Rekindles every hope I have 
Been granted in the life I’ve seen.

 

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Mirrored Hope

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Photo: WHB – 2019

MIRRORED  HOPE

Ornate
The frame
Impounding
My world

Silver gilt
glistens
Holding
My framed
Existence in its
Reflected copy

How
I wish away 
My life
In exotic scenes

Imaged opulence
Amidst
A morbid
Decaying life

I ask no more
Than for an echo of my future

In my next glimpse
To come to my rescue
And transcribe
My defeatism
Into a reassuring future

No man
Can live for ever
But
To the end
He can deny
That thought

 

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‘Tell Me’ – A Crown Cinquain

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Crown Cinquain

 

Tell me
Pretty maiden
Where have you been hiding
Lost to me all these many years
Now found

Now found
And full of hope
I am able again
To live in bright expectation
Of joy

Of joy
Of coupled love
Rekindling lost passion
Rebirth for my expiring soul
Time heals

Time heals
The wounds of hurt
Complete again with you
Able again to face my world
In peace

In peace
We start again
The slate now wiped clean
The past dissolved in history
Hope lives

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This poem has been composed in response to Abigail Gronway’s (‘Dark Side Of The Moon’) CPC Challenge published 12/4/19.  I quote: . . .

The Crown Cinquain

Like the Cinq-Cinquain that we studied last week, the Crown Cinquain, or Cinquain Chain, is also made up of a series of exactly five Crapsey Cinquains. So what’s the difference? I’m glad you asked. The distinguishing feature of the Crown Cinquain appears in the two-syllable lines at the beginning and end of each stanza, as they are used to link one stanza to another. This process is called a forming link, a chain, or a corona (hence crown).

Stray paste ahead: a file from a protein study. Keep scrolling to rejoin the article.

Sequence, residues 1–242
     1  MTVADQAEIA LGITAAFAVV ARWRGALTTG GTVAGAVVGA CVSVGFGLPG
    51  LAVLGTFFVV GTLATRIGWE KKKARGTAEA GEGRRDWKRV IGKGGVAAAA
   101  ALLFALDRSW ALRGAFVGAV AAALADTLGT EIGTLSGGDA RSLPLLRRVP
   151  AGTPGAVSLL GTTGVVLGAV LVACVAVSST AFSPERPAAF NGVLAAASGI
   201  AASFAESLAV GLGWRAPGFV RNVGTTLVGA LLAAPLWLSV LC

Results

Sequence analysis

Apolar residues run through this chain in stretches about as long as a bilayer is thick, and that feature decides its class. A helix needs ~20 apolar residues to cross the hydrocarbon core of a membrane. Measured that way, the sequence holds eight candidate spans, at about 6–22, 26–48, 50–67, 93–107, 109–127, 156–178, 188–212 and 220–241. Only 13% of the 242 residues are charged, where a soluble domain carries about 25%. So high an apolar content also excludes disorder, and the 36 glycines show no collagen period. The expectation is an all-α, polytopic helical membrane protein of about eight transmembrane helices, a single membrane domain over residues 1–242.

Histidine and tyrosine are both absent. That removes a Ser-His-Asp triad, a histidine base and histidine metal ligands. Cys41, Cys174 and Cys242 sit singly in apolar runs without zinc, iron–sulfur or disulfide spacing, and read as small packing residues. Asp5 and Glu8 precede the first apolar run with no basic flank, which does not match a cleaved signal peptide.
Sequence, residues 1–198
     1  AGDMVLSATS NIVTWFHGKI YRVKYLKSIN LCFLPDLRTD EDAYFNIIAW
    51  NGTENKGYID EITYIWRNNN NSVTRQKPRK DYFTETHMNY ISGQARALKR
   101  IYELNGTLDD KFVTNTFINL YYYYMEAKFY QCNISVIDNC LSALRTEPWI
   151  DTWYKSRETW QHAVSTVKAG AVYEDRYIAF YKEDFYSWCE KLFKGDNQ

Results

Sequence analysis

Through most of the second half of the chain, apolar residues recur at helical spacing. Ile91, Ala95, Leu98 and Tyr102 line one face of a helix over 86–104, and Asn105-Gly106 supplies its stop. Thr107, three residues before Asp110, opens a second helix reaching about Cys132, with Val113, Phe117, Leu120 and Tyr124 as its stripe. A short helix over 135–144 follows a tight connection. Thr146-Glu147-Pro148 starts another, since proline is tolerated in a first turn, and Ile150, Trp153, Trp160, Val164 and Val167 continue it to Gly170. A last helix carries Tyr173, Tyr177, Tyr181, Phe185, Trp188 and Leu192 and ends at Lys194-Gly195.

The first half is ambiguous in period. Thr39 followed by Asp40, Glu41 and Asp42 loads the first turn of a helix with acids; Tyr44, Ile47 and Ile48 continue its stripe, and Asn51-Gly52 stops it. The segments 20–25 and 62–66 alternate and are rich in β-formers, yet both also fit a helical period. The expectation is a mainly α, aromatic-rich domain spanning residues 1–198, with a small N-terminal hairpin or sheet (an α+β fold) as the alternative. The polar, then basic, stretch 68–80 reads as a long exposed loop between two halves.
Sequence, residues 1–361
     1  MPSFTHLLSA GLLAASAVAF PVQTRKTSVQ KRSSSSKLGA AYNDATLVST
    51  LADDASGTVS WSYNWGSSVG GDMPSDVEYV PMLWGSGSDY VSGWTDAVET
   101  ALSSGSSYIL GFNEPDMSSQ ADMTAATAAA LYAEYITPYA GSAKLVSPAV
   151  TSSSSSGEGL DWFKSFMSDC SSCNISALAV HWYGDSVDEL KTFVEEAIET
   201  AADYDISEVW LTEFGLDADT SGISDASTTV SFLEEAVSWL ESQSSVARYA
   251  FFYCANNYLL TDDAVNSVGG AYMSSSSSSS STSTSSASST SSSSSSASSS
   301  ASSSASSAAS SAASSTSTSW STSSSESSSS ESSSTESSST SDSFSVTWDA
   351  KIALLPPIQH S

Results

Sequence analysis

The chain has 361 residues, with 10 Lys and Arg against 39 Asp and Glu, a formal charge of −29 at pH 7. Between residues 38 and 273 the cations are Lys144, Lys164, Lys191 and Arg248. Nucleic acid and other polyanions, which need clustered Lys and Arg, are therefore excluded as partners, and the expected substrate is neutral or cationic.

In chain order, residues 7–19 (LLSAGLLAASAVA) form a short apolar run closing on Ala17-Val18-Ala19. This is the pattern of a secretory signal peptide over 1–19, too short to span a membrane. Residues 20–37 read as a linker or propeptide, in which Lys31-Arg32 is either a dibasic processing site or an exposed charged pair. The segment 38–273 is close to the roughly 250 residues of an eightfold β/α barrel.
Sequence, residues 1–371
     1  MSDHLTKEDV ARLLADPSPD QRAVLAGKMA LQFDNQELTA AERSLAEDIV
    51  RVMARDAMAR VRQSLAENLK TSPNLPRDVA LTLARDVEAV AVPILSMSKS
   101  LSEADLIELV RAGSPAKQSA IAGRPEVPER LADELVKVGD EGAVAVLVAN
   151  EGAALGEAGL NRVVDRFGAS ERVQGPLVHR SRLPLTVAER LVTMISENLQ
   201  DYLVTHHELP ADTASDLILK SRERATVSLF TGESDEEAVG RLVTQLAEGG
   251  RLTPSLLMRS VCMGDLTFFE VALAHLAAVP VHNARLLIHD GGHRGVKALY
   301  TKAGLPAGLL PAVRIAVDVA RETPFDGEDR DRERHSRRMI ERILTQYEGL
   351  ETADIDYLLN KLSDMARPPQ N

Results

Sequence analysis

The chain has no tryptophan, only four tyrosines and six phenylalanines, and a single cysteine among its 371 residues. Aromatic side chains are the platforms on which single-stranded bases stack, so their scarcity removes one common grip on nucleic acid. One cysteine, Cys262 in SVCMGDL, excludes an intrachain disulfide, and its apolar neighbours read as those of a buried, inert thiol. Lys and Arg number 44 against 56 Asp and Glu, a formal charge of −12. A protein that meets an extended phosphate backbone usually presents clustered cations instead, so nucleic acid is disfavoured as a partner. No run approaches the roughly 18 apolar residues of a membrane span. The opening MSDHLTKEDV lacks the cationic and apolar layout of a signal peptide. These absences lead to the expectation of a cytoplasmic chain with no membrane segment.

To be more specific, the last line of each cinquain is repeated as the first line of the next cinquain.
There is one other slight difference. In the Cinq-Cinquain, the stanza breaks are optional; but in the Crown Cinquain, they are required.

So here in summary, is the Crown Cinquain:

a series of 5 [entire] Crapsey Cinquains, 25 lines total
syllabic count: 2-8-6-4-2 in each stanza
written with breaks between stanzas
rhyme is optional
last line of the previous cinquain repeated as first line of the next cinquain

 

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To What Yet Will Be

 

I wanted you to be there
Breaking the cold loch surface
A glimpse of your existence
That sinuous shape
A wave writ large
Imprinted by myth
Granted to my searching eyes
That fearsome snout
Proud Periscope
Rising from the darkness of the depths
To pierce the horizon
Breathing wonder
Awe and grace

Such hopes and wishes
Fulfilled in imagination
Suffice
Sustain my being
When all else fails
Connect my Past
To my Present
And thus
To what yet Will be

Christmas – Three Haiku of Hope

 

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Christmas brings good cheer
But not to all God’s children
Pray time will change that.

Long has it been said
Hope came down at Christmas time
May that be true now

May Christmas bring love
As once it brought Lord Jesus
This Hope still remains.